In early March, two of my colleagues published their forecast of executive compensation trends we would see in this year’s oil and gas industry proxy filings. Among the expectations shared was that disclosed annual incentive plan metrics would reflect a shift in priorities among exploration and production companies. In light of changing industry dynamics, we expected to see movement away from volume metrics, and toward cash flow generation and an increased emphasis on environmental impact. Our review of 2021 E&P industry proxy filings bears this prediction out, showing some dramatic shifts in short-term incentive focus over the past three years.
How has the business model changed?
The much-maligned compensation model within the exploration and production industry evolved over many years of rising commodity prices, to align pay with a business model that valued long-term growth over current financial returns. Pay programs focused on operational measures within management’s control and correlated with increasing shareholder returns, with limits on potential windfalls based on short-term commodity price variation. As a result, bonus plans prioritized production and reserve growth, safe operations, and cost control.
A sustained lower commodity price environment and investor sentiment that has shifted toward greater interest in sustainability and energy transition have changed the game, at least for now. While safe and efficient operations remain important, the ability to generate positive near-term capital returns, distribute capital back to shareholders, and reduce environmental impact have replaced debt-adjusted volume growth as key measures of success in the industry. Our experience, and our latest proxy research, indicate that annual incentive plans are adapting to fit this new reality.
What changes have we seen in bonus plan design?
To test out our predictions, we compared publicly-disclosed plan design data for E&P companies with more than $2.5B in market cap in our 2018 (n=36) and 2021 (n=19) databases. What we found, while not surprising, indicated some significant changes.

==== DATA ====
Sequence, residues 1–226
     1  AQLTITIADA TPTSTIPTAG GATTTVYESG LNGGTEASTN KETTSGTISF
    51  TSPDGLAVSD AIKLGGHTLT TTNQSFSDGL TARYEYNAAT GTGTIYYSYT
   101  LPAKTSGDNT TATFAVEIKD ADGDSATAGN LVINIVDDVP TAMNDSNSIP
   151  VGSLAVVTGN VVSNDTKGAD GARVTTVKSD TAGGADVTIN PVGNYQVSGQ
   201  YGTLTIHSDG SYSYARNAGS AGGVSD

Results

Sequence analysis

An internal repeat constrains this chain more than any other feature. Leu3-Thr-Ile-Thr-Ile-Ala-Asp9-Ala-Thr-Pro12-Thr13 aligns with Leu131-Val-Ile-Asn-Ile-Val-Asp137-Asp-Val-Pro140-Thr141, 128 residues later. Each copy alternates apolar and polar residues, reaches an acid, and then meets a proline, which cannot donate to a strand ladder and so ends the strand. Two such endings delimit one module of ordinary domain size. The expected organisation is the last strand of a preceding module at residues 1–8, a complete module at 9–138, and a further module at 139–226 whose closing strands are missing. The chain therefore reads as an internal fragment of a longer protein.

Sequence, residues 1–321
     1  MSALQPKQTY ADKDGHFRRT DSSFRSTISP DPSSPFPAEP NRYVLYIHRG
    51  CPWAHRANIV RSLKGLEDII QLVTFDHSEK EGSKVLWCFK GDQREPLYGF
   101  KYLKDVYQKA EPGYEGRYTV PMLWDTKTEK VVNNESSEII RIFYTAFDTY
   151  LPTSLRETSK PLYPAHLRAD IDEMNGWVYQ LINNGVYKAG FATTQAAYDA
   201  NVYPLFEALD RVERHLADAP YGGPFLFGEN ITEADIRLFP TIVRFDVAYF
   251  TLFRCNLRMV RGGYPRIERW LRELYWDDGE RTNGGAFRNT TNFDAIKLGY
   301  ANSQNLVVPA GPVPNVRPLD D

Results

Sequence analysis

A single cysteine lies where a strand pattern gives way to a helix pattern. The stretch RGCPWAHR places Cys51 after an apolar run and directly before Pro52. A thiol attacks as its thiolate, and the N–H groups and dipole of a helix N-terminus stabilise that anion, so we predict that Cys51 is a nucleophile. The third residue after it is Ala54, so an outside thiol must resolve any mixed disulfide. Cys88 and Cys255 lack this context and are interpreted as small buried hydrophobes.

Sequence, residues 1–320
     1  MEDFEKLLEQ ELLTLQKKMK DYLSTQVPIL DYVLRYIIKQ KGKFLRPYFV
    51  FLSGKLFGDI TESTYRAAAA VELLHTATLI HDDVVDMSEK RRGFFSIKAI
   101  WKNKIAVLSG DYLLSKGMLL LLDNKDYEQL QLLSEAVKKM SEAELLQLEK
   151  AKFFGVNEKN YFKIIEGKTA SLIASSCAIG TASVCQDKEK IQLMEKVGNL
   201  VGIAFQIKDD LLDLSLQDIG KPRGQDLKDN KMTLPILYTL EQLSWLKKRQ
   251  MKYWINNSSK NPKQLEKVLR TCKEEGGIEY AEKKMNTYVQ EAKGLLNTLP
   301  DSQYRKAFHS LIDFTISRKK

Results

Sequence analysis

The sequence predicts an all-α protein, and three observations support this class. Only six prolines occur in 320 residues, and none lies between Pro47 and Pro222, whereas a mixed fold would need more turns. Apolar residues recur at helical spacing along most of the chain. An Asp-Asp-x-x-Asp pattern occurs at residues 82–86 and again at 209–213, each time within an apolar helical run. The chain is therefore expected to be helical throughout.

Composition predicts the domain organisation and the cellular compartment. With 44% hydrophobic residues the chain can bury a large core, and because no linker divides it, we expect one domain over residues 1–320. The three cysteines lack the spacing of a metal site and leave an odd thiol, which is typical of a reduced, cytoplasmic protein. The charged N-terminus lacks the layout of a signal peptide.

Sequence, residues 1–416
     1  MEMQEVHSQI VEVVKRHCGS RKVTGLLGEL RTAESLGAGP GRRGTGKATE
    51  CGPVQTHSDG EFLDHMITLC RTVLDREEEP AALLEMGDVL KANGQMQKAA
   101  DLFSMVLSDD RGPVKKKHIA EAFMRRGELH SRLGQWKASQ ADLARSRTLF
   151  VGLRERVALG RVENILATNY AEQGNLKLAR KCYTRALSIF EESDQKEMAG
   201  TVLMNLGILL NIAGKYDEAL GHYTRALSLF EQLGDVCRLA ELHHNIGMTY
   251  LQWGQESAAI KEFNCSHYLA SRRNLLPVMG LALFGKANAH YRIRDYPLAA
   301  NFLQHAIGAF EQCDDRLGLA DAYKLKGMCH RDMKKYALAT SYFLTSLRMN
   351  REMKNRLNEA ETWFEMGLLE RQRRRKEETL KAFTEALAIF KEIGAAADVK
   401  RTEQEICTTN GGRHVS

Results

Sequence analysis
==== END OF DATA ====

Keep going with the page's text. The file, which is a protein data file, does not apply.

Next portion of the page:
- Volume measures have declined in prevalence and weight: in 2018 filings, production was the single most common performance metric, and volumes made up nearly 25% of annual incentive determination on average. In 2021 proxies, fewer than half of the larger E&P companies in our sample included production as a performance metric.
- Cash flow and returns are now more prevalent than production among larger E&Ps: 60% of the largest E&P companies in our 2021 data set have a cash flow or financial return metric in their annual incentive plan. Including earnings metrics like EBITDA, 90% have at least one measure that is directly exposed to commodity price, as compared to 70% in 2018.
- Discrete environmental metrics are significantly more common: environmental metrics are not a new concept for E&P companies. However, they have historically been lumped in with broader strategic or health and safety goals and have been more focused on avoiding spills or major environmental incidents. In our 2021 sample, 63% of companies now have at least one discrete environmental performance goal, with increasing focus on climate and sustainability (GHG emissions, flaring, water recycling, etc.).
What to expect next
Changing performance metrics were just one development we have been tracking in 2021 proxy filings, along with lower overall bonus payouts for 2020 performance, reductions in long-term incentive values, changes to long-term incentive plan design, and deliberate reductions in overall levels of executive pay for some companies. While it may be too soon to say whether recent pay level changes reflect a durable trend, we expect changes to incentive plan design to be more lasting.
- Cash flow generation, financial returns, and capital discipline will remain a primary focus.
- Volume measures will remain common but less heavily-weighted, with emphasis on maintenance of a reasonable level of activity as opposed to growth.
- Environmental goals will continue to increase in prevalence and specificity as companies improve their tracking and reporting capabilities and gather more feedback from their shareholders about which measures of sustainability are most important.
It is important to note as well that our commentary is based upon proxy disclosures, only some of which provided insight regarding 2021 program design. Based upon our experience, the extent of change this year is, if anything, understated by our statistics. Please keep watching here for more insights.